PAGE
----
Argentina has become world famous for its beef, tango, and passion for soccer. It has made a name for itself as a wine country. Tourists have discovered the awe-inspiring natural wonders of Patagonia. Retirees looking to stretch their savings have come knocking on the country’s doors. Many have made a home for themselves and have told their friends all about the good life in Argentina.
Buenos Aires, Argentina’s capital, is one of a few Latin American cities where violent crime isn’t an overriding concern. The city is full of gorgeous architecture, brimming cafes, and galleries and it sports a buzzing nightlife. English is widely spoken. “Buenos Aires is known as ‘the Paris of South America’ with its beautiful architecture and European flair,” said Scott Mathis, CEO of DPEC Partners, a private equity firm that helps its clients identify investment opportunities.
Argentina shares borders with Bolivia, Brazil, Chile, Paraguay and Uruguay. It boasts an Atlantic coast to the east and the mesmerizing Andes mountain range to the west. Argentina also claims sovereignty over parts of Antarctica, the Falkland Islands, South Georgia and the South sandwich islands. With the sub-tropical north and sub-polar south, Argentina is climatically as diverse as it is geographically. Roughly 40 million souls call the country home.
One look at Argentina’s ranking in The 2009 Human Development Index published by the United Nation and it is hard to see that it suffered from a complete economic bankruptcy in 2001. The index puts the country second only to Chile among its Latin American neighbors. The World Bank labels it as an upper-middle income country, among the likes of Poland and Latvia.
Argentina enjoys a robust export sector with commodity products such as soybeans, petroleum, gas, vehicles, corn, and wheat, according to the CIA’s World Factbook. Its main export partners are Brazil, China, the U.S., Chile, and Spain. Its official unemployment rate is relatively low at 7.9 percent, with 23.5 percent of its population falling below the poverty line.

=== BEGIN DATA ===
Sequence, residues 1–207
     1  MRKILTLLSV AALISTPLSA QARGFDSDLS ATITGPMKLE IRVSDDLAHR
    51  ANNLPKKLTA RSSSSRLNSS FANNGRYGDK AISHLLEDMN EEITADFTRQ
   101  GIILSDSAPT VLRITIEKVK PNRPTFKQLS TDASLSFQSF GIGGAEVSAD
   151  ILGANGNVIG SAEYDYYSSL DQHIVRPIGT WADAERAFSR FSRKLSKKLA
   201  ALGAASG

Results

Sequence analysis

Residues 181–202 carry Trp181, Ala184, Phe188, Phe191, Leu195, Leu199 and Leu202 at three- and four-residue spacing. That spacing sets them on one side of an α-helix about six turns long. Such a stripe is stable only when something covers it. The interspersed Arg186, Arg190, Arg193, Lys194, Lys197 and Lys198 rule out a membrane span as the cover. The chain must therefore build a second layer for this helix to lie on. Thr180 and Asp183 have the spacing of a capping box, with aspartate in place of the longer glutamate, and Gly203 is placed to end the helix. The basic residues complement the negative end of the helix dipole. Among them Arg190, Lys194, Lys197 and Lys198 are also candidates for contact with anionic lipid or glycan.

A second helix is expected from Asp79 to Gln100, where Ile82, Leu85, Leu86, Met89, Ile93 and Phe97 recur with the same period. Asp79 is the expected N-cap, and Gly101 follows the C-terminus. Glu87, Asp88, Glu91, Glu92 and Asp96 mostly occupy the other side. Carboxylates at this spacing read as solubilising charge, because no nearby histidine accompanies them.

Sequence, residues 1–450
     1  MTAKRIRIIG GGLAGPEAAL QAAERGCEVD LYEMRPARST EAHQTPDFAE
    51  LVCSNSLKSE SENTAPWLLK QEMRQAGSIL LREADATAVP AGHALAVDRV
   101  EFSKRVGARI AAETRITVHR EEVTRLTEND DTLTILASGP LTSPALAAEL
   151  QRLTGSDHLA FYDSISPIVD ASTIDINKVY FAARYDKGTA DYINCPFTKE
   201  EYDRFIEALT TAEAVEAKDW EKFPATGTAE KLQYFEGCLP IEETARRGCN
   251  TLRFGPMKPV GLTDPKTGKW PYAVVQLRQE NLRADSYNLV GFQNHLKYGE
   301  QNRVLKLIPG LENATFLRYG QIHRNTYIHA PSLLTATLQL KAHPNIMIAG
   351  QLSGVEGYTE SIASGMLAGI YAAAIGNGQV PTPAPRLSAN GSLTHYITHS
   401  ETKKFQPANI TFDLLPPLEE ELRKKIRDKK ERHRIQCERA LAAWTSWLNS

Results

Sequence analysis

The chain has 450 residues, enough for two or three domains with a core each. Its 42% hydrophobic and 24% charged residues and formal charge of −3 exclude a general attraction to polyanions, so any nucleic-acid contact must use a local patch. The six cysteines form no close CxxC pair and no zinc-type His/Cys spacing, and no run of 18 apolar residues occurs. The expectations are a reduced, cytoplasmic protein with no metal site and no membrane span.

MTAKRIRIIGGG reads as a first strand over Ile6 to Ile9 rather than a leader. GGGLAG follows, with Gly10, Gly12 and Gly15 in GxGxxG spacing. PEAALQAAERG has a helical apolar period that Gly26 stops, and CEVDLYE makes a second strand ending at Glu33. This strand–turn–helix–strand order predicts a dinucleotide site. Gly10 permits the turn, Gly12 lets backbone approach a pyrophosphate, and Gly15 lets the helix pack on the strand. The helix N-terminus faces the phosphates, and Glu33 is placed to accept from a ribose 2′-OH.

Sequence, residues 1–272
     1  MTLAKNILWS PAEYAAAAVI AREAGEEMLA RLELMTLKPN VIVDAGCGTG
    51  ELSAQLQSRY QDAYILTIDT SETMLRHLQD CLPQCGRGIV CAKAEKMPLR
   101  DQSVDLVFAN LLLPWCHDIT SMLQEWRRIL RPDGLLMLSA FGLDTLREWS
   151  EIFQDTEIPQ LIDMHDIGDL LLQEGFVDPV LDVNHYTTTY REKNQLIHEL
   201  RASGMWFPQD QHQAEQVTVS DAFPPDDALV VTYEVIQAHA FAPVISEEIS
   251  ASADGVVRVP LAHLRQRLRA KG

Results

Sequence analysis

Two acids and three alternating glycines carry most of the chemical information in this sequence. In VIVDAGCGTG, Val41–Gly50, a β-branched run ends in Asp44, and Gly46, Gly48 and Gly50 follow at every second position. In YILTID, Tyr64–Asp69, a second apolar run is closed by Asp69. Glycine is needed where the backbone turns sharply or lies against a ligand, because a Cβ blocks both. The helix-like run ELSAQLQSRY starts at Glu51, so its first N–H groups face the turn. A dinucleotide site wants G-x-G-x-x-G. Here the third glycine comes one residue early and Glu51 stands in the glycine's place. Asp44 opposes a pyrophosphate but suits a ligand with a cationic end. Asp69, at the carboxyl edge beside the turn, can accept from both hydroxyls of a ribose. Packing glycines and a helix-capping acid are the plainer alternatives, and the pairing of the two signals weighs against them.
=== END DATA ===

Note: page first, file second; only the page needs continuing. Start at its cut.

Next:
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Interest in Argentina has grown in leaps and bounds since the country’s economic collapse in 2001, according to the Smithsonian Magazine. The resulting weak Argentine peso attracted international nomads with foreign currency. The number of visitors to Buenos Aires grew to 2.5 million in 2008, six times the number for 2001.
Visitors are attracted to the Argentine capital both for its character and relative affordability. It has hundreds of galleries, theaters, and museums, according to International Living. Bustling cafes and bookstores are everywhere. And let’s not forget the parrillas (local grills) that populate almost every city block. Argentines have one of the highest rates of beef consumption in the world.
It is not yet clear how much the tourism sector is affected by the global financial crisis. “Tourism, our third largest industry after agriculture will, undoubtedly, slow down a little,” according to a statement fro Paul Reynolds, Managing Director of Reynolds Propiedades SA. “Argentina will, [however], continue to be an amazing tourism destination mainly because of its natural attributes, geo-political location, 450 years of sophisticated culture and a cosmopolitan, mainly European population mix.”
Real Estate in Argentina
“The real estate market in Argentina has fared much better than the US or Europe over the last year as almost all real estate transactions in Argentina are non-leveraged,” said Scott Mathis. “Obviously, sales have stalled somewhat as buyers are waiting to see what happens around the globe but real estate prices have not be hit nearly as hard in Argentina.” The private equity company Mathis chairs – DPEC Partners – invests in Argentine real estate.